A mad dash for Hatches

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The past couple of years, around mid-August, Hatch chili peppers have found their way into the produce departments at local groceries. It’s a short window for this particular variety of hot pepper that’s gained popularity with local folks who’ve discovered how delicious they are when roasted on an open grill.

I was first introduced to Hatch peppers when one of the Whitefish groceries was roasting them outside the store one weekend in a huge metal mesh drum being turned over the charcoal. The blackened peppers were then peeled, sliced into strips and rolled with cream cheese — they were spicy, smoky, sexy.

I bought some fresh Hatches, took them home and roasted them. I also roasted poblanos and jalapenos … and tomatillos and garlic, which became the foundation for my homemade salsa that’s simmered for an hour before canning.

Hatch chilis are grown specifically in Hatch, New Mexico, (colloquially known as the Chili Capital of the World) in the fertile soil along the Rio Grande river valley. They’re regionally famous and that fame is starting to stretch worldwide.

When the groceries in the Flathead advertised a couple of weeks ago the Hatches had arrived, I made a beeline.

The first batch of Hatches I bought were grilled alongside poblanos and jalapenos mid-morning one cool, slightly rainy Saturday, with the idea I’d freeze them and make salsa another weekend.

Those who roast peppers know that the peeling off of the charred, blackened skins and removal of the seeds takes time. Since the weather remained unimproved as the day wore on, I decided to just go ahead and make salsa the same day.

That set in motion a mad dash for produce from Columbia Falls to Kalispell. My typical spot for Roma tomatoes is a little produce stand outside of Columbia Falls that sells fresh, mainly Washington-grown produce. They’d sold out of Romas that morning.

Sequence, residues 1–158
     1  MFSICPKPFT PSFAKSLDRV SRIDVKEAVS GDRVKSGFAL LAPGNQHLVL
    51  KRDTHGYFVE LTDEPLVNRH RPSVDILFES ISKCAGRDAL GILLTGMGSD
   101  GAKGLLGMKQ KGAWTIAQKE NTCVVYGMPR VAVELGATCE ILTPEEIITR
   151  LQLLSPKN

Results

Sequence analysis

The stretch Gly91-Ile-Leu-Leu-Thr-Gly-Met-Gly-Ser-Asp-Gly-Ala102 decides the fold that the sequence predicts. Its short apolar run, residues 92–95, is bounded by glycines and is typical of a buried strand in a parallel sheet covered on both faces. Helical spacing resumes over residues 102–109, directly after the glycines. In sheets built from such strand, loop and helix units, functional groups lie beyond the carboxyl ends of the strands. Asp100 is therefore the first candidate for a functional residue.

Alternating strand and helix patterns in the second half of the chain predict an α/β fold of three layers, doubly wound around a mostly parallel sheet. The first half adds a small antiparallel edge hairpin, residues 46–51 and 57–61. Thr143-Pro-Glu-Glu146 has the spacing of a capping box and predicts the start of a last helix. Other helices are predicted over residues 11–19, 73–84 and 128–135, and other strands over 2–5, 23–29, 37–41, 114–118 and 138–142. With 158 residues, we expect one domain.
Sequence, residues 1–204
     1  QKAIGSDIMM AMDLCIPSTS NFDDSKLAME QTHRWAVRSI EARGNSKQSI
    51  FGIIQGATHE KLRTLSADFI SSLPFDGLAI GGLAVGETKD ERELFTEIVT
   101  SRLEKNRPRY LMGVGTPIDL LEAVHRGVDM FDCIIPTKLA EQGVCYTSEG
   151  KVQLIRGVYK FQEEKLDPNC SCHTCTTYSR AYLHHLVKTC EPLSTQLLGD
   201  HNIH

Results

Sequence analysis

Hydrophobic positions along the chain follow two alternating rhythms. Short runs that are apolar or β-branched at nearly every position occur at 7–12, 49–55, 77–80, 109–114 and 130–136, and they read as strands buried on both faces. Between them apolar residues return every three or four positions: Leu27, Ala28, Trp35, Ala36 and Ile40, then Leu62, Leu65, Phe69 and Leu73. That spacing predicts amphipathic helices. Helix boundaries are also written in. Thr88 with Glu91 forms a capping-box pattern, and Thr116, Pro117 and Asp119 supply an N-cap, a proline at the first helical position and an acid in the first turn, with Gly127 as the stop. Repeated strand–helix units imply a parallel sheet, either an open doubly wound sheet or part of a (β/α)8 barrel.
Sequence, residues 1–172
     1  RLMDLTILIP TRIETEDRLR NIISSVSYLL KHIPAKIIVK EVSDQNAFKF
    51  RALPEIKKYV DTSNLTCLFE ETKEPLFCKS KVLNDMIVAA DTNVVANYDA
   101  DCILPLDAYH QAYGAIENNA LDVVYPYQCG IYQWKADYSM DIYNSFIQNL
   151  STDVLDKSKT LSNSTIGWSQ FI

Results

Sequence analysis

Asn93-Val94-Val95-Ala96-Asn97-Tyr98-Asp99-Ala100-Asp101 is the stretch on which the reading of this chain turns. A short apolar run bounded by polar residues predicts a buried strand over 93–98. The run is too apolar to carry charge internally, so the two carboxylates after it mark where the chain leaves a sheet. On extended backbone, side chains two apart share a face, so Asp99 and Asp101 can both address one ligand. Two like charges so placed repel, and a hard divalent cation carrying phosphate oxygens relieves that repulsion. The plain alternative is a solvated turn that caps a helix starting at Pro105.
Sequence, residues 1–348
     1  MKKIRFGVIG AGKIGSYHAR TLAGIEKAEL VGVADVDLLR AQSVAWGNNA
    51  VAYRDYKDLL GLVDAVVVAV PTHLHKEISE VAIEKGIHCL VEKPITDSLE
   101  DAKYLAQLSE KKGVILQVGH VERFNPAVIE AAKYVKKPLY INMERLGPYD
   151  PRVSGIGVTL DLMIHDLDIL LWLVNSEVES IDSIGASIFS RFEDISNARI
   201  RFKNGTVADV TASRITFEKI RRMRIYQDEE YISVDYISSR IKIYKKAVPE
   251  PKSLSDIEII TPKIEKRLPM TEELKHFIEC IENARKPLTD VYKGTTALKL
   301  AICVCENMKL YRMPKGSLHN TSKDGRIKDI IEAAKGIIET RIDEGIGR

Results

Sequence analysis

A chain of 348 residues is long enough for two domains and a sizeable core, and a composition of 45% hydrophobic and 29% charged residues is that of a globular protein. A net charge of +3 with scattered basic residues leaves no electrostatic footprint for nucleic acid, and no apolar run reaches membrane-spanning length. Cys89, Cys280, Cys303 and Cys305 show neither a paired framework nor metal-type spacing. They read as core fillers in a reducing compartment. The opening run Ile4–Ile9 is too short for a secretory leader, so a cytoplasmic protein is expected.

I headed into Columbia Falls. (The same store was roasting Hatches from 11 a.m. to 4 p.m. that Saturday.) It was 3 p.m. No roasting going in front of the store. Inside, no Hatches. I quizzed an employee who checked and told me the truck hadn’t shown up yet; they were expecting it any minute. I wasn’t optimistic.

Back in my car I started making calls. Where were the Hatches? Another store told me their supplier shorted them several boxes and the few they did get were gone. And what about the Romas — who had them and how much? The price ranged from .99 to 1.79 per pound.

Kalispell looked like my best bet. I swung into the store that had the best price on Romas. My recipe called for 3 ½ pounds — about 30 Romas. Exactly 27 Romas were on the shelf. I took what they had and added the last three on-the-vine tomatoes they had.

At the next store — and the only store in the valley that apparently had any Hatch chilis — I cherry-picked yet another dozen and a half from the dwindling box just to freeze.

I was hoarding Hatches.

By the time I’d run the full produce circuit around the Flathead it was after 5 p.m. It seemed a tad late to start making salsa — all that peeling, seeding, chopping, and simmering … While the water in the canner was put on to boil, I got started. Five hours later a dozen bright pints of homemade salsa were cooling on the counter.

The dishes were done, the kitchen tidied up. I sat back to watch a little TV, listening for that familiar, satisfying ping of the lids as the jars sealed one by one.

Community Editor Carol Marino may be reached at 758-4440 or community@dailyinterlake.com.

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